Using Rosemary as a Companion Plant
(tips on growing rosemarys in your garden)
Rosemary is a wonderful aromatic and culinary herb that has a quite distinctive flavor. When growing your own rosemary, you might want to consider companion planting and which other herbs, vegetables and flowers you plant nearby. This article is in itself a companion for our guide for companion planting with herbs. Our Herb Garden has done the research for you and put together the opinions of a variety of gardening experts in this rosemary companion planting guide.
As more and more gardeners are growing rosemary, they are becoming more interesting in learning more uses for their plants. By companion planting, you can use your rosemary plants to help other plants in your garden as well as attract beneficial insects.
Rosemary Companion Planting
When considering rosemary companion planting, the best companion plant is broccoli as both plants benefit from being planted together. Planting rosemary nearby will also help your beans, broccoli, cabbage, carrots and hot peppers to flourish. The only herb we found that would benefit from rosemary companion planting was sage.
Planting carrots, potatoes and pumpkins near rosemary is not advised as they make for poor companions. Rosemary generally likes a more dry soil and does not do well with plants requiring more water like tomatoes and basil.
A visitor to Our Herb Garden warned us about planting mint around rosemary. Apparently, the roots of the mint invaded those of the rosemary and killed off a well-established plant. Thank you Ann for that cautionary tale!
Rosemary & Carrots.
We found a difference of opinion when it came to rosemary companion planting with carrots. A number of sources said they make poor companions. However, one source recommended using them together. They said to place rosemary cuttings by the crowns of the carrots to repel carrot flies. Personally, I wouldn’t define that as companion planting. Perhaps the best option is to plant the two as if they were bad companions and use rosemary cuttings for carrot fly control.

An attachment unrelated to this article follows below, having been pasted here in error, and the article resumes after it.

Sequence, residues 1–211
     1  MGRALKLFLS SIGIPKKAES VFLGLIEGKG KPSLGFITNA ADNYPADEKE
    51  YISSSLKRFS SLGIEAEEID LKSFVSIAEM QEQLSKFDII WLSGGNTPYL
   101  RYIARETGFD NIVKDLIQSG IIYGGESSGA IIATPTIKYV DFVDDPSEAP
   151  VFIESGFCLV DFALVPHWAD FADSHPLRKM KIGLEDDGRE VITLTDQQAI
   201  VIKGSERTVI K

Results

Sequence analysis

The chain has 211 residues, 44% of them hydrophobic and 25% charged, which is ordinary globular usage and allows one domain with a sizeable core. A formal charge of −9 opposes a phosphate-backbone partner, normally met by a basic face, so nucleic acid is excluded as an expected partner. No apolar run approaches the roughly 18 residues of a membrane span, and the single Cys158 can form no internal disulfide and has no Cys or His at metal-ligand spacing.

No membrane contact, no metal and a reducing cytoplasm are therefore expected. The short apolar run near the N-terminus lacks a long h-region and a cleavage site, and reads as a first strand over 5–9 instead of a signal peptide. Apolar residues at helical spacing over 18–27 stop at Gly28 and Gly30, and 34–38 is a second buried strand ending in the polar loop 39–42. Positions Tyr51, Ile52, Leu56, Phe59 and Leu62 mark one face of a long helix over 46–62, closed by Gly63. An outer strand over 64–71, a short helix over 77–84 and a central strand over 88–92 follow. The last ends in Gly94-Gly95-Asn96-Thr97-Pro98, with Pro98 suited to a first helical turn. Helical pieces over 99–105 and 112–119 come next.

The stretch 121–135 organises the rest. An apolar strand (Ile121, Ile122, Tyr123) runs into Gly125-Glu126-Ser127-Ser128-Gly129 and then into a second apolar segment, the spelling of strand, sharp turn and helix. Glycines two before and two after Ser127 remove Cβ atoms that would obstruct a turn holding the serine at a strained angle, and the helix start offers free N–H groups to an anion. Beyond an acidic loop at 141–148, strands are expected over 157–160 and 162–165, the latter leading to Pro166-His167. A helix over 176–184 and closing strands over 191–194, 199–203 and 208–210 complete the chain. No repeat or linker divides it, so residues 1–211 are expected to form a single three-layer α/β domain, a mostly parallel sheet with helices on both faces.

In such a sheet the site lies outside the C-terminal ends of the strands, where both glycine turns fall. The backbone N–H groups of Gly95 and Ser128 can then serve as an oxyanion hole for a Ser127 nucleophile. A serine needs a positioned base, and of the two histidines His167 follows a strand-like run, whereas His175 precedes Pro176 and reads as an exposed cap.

Rosemary & Insect Control.
Rosemary is believed to repel harmful insects including bean beetle, cabbage fly, cabbage moth and carrot fly.
Additional Rosemary Information
(Rosemarinus officinalis, Linn.)
Our history of rosemary page discusses both historical and modern uses for rosemary.
Rosemary Buying Guide
Living Rosemary Plants
There are a number of different options to buy rosemary plants online. Unfortunately, the shipping often costs more than the individual plants. This option is a great and tasty compromise – Organic Herbs De Provence Collection with Rosemary, Lavender, Sage, and Thyme. You’ll get 4 plants and pay only slightly more for the shipping than some folks are asking to ship just one plant. Rosemary is a great companion plant but an even tastier companion in this famous culinary blend. Herbs de Provence is one of my new culinary discoveries. I absolutely love the flavor it adds to things. Even adding my el-cheapo, dried blend to Ramen noodles turns this so-so dish into something that tastes like it’s been cooking all day. Throw in some carrots, celery, onion and some left-over chicken and no one will know you did it fast and easy.
Rosemary is one of those plants that can be grown from seed but sadly often suffers from low germination rates. This package of 100 non-GMO rosemary seeds look to be a great option – lots of seeds to hedge your bets on that low germination rate typically found with rosemary from a vendor who appears to have a fairly good reputation among seed buyers on Amazon.
Here’s a great option if you can’t wait for your own rosemary plants to get large enough to harvest or you like working with finely milled spices. While we don’t have this exact brand of ground rosemary in our kitchen, The flavor of ground rosemary is a wonderful companion to potatoes and scrambled eggs – and no dried twigs like you get with the leaves. Have fun with your kids – a little goes a long way, adding a bit of ground rosemary to scrambled eggs will make them extra tasty but they will also turn a bit green – Green Eggs and Ham, anyone?